Inlining allows the compiler to perform optimizations across functions, at the cost of increased compilation time. Use inlining when you have your code split into multiple Bodo functions and there are important optimizations that need to performed on some functions, that are dependent on the code of other functions. We will explain this with examples below.
Inlining should be used sparingly as it can cause increased compilation time. We strongly recommend against inlining functions with 10 or more lines of code.
Bodo's compiler translates high-level code inside
functions to highly optimized lower level code. It can perform many
optimizations on the generated code based on the structure of the code
inside the function being compiled.
Let's consider the following example where
data.pq is a dataset with
To execute the query inside the
example function, Bodo doesn't need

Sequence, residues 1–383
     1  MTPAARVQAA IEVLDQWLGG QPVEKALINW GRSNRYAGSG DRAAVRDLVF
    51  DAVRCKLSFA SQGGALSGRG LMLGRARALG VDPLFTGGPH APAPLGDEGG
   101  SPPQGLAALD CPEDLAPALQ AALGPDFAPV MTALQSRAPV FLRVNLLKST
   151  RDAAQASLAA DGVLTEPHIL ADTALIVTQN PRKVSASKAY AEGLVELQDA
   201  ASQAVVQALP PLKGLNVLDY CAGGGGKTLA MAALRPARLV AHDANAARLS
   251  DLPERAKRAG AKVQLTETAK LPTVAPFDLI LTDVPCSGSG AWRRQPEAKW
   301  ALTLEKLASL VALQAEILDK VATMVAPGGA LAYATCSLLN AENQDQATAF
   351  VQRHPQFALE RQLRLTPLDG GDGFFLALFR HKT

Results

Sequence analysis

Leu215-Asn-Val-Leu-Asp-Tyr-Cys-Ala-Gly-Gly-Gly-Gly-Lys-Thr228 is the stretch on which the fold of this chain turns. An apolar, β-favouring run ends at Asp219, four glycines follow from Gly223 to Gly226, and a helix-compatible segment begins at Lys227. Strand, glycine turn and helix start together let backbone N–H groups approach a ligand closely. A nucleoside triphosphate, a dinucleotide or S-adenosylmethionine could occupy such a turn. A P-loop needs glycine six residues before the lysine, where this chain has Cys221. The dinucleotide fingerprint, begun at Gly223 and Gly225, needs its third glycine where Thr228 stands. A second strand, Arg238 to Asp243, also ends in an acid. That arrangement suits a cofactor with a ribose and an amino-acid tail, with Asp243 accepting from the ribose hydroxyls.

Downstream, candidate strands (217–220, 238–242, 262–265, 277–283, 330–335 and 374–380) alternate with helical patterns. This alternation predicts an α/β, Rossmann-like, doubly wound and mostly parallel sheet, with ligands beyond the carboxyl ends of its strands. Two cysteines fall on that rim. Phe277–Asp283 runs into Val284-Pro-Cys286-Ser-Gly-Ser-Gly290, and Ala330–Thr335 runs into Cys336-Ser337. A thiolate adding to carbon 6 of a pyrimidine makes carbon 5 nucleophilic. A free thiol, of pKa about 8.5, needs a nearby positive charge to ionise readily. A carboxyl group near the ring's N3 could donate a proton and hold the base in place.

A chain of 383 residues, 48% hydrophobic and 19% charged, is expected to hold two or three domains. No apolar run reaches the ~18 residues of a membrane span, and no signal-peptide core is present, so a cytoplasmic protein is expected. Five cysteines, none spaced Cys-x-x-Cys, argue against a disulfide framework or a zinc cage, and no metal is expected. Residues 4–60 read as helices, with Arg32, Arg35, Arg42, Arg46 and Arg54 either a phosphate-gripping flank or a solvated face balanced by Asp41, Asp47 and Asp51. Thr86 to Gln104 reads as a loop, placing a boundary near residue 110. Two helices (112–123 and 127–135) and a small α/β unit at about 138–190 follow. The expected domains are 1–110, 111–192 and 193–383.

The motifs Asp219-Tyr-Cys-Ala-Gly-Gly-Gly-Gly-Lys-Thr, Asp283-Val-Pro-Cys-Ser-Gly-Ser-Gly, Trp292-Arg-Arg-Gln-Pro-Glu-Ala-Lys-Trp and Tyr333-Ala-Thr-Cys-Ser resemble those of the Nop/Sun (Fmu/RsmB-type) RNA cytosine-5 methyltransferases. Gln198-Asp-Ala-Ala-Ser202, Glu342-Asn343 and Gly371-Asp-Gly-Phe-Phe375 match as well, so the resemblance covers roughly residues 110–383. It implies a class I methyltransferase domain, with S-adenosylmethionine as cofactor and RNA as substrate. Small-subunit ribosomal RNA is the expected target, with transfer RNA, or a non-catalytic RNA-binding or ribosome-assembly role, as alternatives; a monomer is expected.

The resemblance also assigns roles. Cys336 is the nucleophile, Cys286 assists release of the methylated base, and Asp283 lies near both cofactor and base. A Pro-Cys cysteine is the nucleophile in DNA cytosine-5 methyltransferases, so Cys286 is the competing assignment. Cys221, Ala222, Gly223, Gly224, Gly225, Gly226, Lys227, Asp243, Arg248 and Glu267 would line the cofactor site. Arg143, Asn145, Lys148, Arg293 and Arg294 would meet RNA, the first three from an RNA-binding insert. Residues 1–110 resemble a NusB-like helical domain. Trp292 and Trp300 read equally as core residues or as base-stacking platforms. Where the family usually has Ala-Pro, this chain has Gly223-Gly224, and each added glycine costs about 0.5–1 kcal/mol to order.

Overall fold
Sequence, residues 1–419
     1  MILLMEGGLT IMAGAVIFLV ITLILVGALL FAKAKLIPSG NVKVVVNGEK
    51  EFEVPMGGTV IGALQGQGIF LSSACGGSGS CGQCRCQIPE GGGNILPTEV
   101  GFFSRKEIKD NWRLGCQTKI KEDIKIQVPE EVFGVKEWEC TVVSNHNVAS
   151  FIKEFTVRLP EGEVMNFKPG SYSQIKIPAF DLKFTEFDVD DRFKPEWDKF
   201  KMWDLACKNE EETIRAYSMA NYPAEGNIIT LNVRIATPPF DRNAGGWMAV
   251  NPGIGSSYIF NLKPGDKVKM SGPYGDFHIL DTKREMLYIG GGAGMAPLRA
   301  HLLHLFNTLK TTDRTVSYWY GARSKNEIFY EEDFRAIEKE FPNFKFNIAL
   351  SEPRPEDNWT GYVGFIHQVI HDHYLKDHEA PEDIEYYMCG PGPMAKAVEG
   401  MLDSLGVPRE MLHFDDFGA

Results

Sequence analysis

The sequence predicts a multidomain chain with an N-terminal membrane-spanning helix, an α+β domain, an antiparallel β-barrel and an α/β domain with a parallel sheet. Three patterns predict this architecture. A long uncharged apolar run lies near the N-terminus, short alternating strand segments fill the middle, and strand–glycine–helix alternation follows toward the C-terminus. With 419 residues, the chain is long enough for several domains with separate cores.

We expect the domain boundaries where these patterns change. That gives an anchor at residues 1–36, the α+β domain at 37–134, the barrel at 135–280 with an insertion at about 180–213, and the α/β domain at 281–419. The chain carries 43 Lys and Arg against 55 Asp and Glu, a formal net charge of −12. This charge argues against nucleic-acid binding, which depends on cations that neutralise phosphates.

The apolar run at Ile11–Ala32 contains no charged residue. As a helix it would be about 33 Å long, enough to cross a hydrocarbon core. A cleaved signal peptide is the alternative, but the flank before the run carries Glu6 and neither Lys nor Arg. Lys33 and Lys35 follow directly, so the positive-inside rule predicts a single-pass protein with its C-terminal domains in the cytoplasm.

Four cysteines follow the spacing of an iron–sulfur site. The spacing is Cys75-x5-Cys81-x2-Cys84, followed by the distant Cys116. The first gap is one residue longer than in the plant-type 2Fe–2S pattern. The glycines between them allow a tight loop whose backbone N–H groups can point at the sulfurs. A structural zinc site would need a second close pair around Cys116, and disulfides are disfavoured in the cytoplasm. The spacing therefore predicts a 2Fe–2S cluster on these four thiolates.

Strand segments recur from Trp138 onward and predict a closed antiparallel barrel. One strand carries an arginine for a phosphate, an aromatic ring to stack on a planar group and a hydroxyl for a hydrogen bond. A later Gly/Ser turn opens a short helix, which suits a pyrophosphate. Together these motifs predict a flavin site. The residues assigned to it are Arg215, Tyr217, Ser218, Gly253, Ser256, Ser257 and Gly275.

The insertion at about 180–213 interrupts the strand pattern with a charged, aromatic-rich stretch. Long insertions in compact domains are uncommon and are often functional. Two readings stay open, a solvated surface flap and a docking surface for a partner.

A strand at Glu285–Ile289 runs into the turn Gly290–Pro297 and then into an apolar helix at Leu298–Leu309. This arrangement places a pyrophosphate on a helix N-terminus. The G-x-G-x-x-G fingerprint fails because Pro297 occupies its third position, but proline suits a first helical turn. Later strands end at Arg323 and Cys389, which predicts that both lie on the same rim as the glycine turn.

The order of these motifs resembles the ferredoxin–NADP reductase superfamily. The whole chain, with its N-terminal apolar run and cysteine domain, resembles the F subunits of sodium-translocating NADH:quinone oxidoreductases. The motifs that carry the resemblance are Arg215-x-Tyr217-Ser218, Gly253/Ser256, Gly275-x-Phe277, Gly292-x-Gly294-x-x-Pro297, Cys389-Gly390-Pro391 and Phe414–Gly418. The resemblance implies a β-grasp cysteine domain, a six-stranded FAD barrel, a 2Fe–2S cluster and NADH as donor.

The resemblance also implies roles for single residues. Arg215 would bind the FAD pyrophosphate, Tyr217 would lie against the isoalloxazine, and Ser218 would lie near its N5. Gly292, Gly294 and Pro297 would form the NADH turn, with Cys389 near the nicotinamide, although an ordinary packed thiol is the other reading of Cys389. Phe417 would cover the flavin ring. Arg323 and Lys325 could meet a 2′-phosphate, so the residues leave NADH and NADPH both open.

to read all the columns from the file. It only needs three columns (
C), and can save a lot of time and memory by just reading
those. When compiling
example, Bodo automatically optimizes the
read_parquet call to only read the three required columns.
If you have separate Bodo functions and their code needs to be optimized jointly, you need to use inlining.
Any code that needs to be optimized jointly needs to be compiled as part of the same JIT compilation. If we have the following:
Bodo will compile the functions separately, and won't be able to
read_parquet call because it doesn't know how the return
read_data is used. To structure the code into different
functions and still allow the compiler to do holistic optimizations,
you can specify the
inline="always" option to the jit decorator to
tell the compiler to include that function during compilation of another
inline="always" in this example tells the compiler to
compile and include
read_data when it is compiling